Symposium highlights occupational health and safety

The importance of occupational health and safety (OHS) was re-emphasised at a symposium at the Divine Word University’s Madang campus on Wednesday 11th September, 2013.

Two government department secretaries were among those that highlighted the importance of OHS during the 2nd National Occupational Health and Safety Symposium staged by the Environmental Health Department of the Faculty of Health Sciences.

Secretary for the Department of Labour and Industrial Relations (DLIR), Mr George Vaso said the Government is committed towards reinforcing the National Occupational Health and Safety (OHS) Policy across all industries in the country.

Mr Vaso made the statement in his keynote address to students and staff of DWU and other participants at the symposium.

He said the revised National OHS Policy will be incorporated with the existing OHS legislation for the purpose of administration, enforcement and compliance.

Mr Vaso said this will act as regulating machinery under the PNG Structural Adjustment Program at minimum social cost developed by the DLIR with assistance from the International Labor Organization (ILO).

He said while there may be constraints in fully implementing such a new policy it can still be used as a guideline for decision making in the future.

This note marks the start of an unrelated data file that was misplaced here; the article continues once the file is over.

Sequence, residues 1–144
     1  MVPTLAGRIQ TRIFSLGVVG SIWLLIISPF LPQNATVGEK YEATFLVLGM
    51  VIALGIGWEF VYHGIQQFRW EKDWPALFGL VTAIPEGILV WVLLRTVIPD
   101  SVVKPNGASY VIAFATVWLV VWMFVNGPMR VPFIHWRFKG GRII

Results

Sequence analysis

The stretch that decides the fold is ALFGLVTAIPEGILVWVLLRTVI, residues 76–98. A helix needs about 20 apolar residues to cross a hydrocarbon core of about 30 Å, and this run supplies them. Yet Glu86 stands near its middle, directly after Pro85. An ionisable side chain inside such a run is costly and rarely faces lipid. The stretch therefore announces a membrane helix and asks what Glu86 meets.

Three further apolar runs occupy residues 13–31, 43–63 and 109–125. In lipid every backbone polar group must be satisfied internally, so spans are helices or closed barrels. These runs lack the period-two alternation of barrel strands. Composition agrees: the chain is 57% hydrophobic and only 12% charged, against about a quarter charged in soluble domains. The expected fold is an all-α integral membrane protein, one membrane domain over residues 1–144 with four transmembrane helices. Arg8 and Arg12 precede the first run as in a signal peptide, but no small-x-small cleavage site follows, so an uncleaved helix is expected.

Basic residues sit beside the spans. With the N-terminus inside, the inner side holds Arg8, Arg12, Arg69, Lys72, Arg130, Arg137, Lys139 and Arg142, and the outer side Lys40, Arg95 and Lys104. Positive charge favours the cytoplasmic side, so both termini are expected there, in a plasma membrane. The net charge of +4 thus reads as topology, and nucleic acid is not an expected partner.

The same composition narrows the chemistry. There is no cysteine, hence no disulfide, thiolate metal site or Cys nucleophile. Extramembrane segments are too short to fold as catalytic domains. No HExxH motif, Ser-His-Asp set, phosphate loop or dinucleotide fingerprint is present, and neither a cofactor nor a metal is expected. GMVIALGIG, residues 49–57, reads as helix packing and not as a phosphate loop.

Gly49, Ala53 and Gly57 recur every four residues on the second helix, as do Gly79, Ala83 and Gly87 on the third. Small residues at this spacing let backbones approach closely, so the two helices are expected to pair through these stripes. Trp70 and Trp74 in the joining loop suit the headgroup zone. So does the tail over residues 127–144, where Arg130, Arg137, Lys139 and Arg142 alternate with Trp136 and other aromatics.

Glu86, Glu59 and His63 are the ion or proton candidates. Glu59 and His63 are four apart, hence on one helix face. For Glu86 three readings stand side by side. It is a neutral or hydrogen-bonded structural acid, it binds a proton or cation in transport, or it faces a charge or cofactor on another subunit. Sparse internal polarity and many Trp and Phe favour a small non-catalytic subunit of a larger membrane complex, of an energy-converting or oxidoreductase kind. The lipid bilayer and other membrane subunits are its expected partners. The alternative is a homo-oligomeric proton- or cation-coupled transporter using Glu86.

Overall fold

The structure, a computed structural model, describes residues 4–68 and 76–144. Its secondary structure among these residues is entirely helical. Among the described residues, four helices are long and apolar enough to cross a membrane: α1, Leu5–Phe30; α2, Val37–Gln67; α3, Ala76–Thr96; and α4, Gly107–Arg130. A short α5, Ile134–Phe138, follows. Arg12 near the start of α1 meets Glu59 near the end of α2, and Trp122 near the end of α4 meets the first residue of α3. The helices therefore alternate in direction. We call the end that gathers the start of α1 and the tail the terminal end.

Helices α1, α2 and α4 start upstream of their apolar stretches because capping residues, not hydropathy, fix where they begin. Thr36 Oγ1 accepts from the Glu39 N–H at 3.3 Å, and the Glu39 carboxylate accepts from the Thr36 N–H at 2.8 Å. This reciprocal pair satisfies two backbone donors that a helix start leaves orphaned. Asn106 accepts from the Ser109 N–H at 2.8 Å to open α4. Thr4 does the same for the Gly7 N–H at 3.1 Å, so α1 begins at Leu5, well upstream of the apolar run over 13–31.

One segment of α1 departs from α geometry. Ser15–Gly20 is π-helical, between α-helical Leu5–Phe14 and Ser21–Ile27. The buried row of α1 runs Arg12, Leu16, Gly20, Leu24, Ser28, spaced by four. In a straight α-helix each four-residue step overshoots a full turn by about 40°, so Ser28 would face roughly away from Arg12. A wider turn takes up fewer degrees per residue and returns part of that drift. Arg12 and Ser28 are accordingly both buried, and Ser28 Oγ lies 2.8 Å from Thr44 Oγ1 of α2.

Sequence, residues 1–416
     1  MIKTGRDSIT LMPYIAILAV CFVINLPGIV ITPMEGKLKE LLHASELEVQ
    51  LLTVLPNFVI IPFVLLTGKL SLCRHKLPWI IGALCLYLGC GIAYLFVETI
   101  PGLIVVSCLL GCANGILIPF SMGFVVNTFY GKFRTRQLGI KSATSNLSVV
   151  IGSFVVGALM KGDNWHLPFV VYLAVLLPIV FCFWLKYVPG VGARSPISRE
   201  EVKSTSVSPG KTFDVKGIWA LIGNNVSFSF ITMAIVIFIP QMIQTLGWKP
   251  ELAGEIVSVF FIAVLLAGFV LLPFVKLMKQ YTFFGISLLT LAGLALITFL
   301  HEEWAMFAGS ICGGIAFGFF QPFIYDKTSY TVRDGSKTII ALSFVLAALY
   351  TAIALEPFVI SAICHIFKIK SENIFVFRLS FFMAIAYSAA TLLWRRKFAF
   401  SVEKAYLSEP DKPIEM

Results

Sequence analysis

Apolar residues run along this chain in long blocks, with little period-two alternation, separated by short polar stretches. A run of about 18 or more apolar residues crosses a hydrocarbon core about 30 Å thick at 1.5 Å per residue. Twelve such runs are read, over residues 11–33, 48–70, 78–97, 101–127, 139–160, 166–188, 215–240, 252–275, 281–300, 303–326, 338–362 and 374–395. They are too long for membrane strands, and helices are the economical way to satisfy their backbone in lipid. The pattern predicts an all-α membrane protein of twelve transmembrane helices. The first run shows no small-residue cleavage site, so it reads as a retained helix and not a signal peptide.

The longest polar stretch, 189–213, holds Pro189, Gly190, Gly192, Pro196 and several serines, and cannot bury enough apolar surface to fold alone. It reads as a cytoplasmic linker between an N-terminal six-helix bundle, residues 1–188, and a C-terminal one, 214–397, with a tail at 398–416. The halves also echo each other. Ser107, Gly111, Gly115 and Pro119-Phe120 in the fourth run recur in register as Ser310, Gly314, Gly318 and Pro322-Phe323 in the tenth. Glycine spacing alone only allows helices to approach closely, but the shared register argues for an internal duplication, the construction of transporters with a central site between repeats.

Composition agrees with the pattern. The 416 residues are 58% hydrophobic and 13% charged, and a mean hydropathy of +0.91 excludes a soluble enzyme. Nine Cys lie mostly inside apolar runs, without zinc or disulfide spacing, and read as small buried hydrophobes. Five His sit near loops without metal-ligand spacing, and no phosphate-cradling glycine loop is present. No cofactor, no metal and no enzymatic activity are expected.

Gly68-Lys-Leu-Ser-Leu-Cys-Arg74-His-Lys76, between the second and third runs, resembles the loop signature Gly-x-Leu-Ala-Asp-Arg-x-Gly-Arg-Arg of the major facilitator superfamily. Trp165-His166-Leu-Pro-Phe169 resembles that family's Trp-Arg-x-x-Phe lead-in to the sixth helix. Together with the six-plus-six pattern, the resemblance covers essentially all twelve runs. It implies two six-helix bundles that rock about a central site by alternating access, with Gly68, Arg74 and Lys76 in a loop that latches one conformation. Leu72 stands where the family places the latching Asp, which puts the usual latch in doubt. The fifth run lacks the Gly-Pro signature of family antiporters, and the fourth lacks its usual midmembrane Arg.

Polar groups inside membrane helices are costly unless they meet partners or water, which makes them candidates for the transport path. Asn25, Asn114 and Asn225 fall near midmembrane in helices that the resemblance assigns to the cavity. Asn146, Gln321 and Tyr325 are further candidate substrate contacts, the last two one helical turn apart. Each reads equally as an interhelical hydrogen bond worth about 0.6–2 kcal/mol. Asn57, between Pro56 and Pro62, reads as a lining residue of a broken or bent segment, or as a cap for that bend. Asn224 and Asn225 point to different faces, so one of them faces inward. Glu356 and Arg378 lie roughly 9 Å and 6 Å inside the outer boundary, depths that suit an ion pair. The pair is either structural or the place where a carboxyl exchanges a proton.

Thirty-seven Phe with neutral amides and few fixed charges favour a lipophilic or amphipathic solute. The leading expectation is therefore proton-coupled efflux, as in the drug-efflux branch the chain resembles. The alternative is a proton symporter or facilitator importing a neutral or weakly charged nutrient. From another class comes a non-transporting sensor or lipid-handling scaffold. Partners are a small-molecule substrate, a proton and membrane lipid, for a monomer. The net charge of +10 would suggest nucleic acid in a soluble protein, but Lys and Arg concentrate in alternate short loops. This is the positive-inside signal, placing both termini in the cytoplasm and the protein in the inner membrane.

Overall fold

“Successful implementation of programs and tasks would reflect the overall effectiveness, efficiency and practicality of the various OSH practices at work,” Mr Vaso said.

He noted that OHS practices at work can be adequately implemented through the collective efforts of both the employers and workers and all fatal accidents and incidents to be reported to DLIR for analysis at the national level for further actions.

The Secretary for the Department of Health, Mr Pascoe Kase who also attended the symposium reiterated the government’s support in addressing OSH through his department.

“Through the Healthy Island Concept, the Department (of Health) has emphasised on Occupational Health and Safety,” he said.

Mr Kase said while the country acknowledges many underlying issues relating to OHS, all stakeholders need to take ownership and address them according to their capacities.

“I convey the government’s full support in promoting occupational health,” Mr Kaso told the symposium.

The symposium was hailed a success as it was well attended by participants from various organisations including the government agencies and mining companies such as Newcrest Mining Limited, Harmony Gold Limited and Ok Tedi Mining Limited. The 2nd Occupational Health and Safety Symposium is among several such gatherings hosted by the DWU’s faculties and their departments in recent weeks. The others included the annual Business Ethics Symposium hosted by students from the Department of Business Studies of the Faculty of Business and Informatics and the human rights conference hosted by the Social Welfare and Religious Studies Department of the Faculty of Arts.